Roll on a couple of years, when the iPhone 4 is released, and we are now seeing lots of smartphones in circulation (Early Majority). The market flourished with other competitor companies providing more innovative products in the market to meet a growing thirst for smartphone technology (the Late Majority). As we approach the 10 year anniversary of the iPhone, there will be very few people who would not be willing to adopt a smartphone and these people fall into the 16% of Laggards.
So, what can we, as L&D professionals, take from this example?
Importantly, we should never cease to embrace great digital learning or suppress what digital learning can achieve. Digitalisation is inevitable and learners are going to adopt the new technologies eventually, at their own pace.
A trend that seems to be successful in bringing all the groups of Rogers curve on a journey to all adopting that piece of technology, is to drip-feed innovations and don’t release them all at once.
Digital isn’t here to take over, it is here to reinforce, compliment and co-exist. It’s simply an evolution of the requirements of our modern-day world, where companies and the internet are ‘live’ 24/7, working hours are increasingly global, connecting colleagues and locations, with social learning and online portals all playing a bigger role than ever before.
Is it not a revolution, a take-over, making other existing methods redundant, is it simply a change in delivery method, which lends itself to all other technological advancements happening in our modern lives. A few years from now, learning via Augmented Reality headsets will feel as normal as completing an eLearning module today.
The benefits of digital learning are quite profound. Not only being able to provide consistency of information, 24/7 access, tracking and reporting, mobile learning “on-the-go” (amongst many others), organisations also realising the advantages digital learning can bring.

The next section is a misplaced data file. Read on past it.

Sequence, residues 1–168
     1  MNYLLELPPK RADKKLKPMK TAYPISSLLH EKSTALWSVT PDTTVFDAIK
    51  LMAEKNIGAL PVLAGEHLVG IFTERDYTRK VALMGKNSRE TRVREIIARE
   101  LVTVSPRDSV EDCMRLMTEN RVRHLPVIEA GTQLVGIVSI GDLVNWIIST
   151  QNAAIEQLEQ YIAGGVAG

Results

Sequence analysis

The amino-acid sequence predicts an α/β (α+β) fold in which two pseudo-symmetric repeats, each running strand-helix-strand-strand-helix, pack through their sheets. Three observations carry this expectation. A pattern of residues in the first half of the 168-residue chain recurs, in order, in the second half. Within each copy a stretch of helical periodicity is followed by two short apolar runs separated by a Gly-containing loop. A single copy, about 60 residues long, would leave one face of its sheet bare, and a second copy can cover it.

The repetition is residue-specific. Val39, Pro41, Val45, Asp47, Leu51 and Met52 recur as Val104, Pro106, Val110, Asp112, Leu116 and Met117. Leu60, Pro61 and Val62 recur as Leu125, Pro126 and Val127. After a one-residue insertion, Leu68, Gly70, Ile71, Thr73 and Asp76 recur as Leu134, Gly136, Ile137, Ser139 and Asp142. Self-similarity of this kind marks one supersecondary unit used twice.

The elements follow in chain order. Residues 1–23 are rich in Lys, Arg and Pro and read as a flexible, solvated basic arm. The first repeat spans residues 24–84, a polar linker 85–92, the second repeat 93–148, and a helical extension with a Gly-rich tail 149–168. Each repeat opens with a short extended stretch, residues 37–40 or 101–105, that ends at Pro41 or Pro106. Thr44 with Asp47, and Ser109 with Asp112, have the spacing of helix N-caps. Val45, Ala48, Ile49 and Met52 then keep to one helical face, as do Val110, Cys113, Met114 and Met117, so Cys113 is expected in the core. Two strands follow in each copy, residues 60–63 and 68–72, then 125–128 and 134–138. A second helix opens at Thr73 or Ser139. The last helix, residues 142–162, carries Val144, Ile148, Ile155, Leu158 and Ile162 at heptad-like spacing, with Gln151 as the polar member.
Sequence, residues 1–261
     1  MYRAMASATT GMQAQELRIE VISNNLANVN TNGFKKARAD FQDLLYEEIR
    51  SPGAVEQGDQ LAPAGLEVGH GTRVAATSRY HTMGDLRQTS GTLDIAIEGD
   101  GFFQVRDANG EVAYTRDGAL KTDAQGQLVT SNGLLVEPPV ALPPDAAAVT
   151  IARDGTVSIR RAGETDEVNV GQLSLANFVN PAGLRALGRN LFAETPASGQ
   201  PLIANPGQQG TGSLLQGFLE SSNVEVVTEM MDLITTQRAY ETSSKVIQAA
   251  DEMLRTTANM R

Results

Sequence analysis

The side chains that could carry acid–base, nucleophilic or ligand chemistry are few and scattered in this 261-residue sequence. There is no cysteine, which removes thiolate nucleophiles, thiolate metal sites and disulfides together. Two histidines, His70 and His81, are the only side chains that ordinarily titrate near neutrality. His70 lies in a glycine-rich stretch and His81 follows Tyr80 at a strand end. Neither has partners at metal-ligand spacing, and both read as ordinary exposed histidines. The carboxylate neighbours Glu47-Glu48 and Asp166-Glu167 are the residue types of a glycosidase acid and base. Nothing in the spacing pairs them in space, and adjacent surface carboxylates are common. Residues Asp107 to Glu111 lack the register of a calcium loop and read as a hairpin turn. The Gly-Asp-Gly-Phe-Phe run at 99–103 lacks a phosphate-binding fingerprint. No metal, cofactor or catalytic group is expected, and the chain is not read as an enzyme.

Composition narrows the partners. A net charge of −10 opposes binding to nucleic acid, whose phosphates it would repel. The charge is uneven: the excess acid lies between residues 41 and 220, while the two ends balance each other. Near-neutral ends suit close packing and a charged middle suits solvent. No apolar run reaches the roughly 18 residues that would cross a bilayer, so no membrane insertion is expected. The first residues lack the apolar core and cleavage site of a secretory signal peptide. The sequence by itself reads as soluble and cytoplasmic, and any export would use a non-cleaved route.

- Ease of crossing the boundaries of language via simple multilingual translation ability
- Lowering pollution levels, as travel and building requirements lessen, as well as vastly eliminated use of paper
- Being able to deliver a combination of learning techniques and experiences with visuals, audio, read/write activities and hands on exercises, available in one place, connecting people with video and real-world scenarios.
We will always encounter people who will not embrace technology as quickly as some and this is OK, all we can hope is to educate and break down the stigma that digital is not a negative change.
As well as the continued development and innovation of our NexGen Learning Management System – glo™, Digits have been involved in numerous digital learning projects to enhance existing face to face learning interventions.
One recent project for Hampshire County Council, allowed them to reduce a 2 day course to a 1 day course, accompanied with eLearning.
This introduction of digital has reduced cost, made it more sustainable and given learners a blend of varying experiential learning. The eLearning was designed in such a way to be very different from the workforce’s previous experiences. The module had gamified activities and had a modern, vibrant and engaging look and feel.
Digits have also produced an online onboarding process for B&Q. This took on boarding from reading large volumes of paper based materials to a smart, interactive, gamified learning journey, giving access to a range of different digital learning activities, accessed on your own smart device, in the comfort of your own home, before you would even start work at B&Q.
If all of this sounds like something you are struggling with then drop us a line.
We are real people, not wannabe superheroes and are passionate about giving you a digital or blended solution that works in your world.
About the author
Toby is the Creative Account Manager for Digits and works closely with clients to capture their requirements, apply creative treatment and then work with the Digits production team to turn the requirements into reality.
Before working at Digits Toby’s background was in digital design and has a BA Hons in Visual Communication from the University of Central England. He held previous positions as Digital Technology Lead for Workforce Development at Hampshire County Council and a trainer for Apple.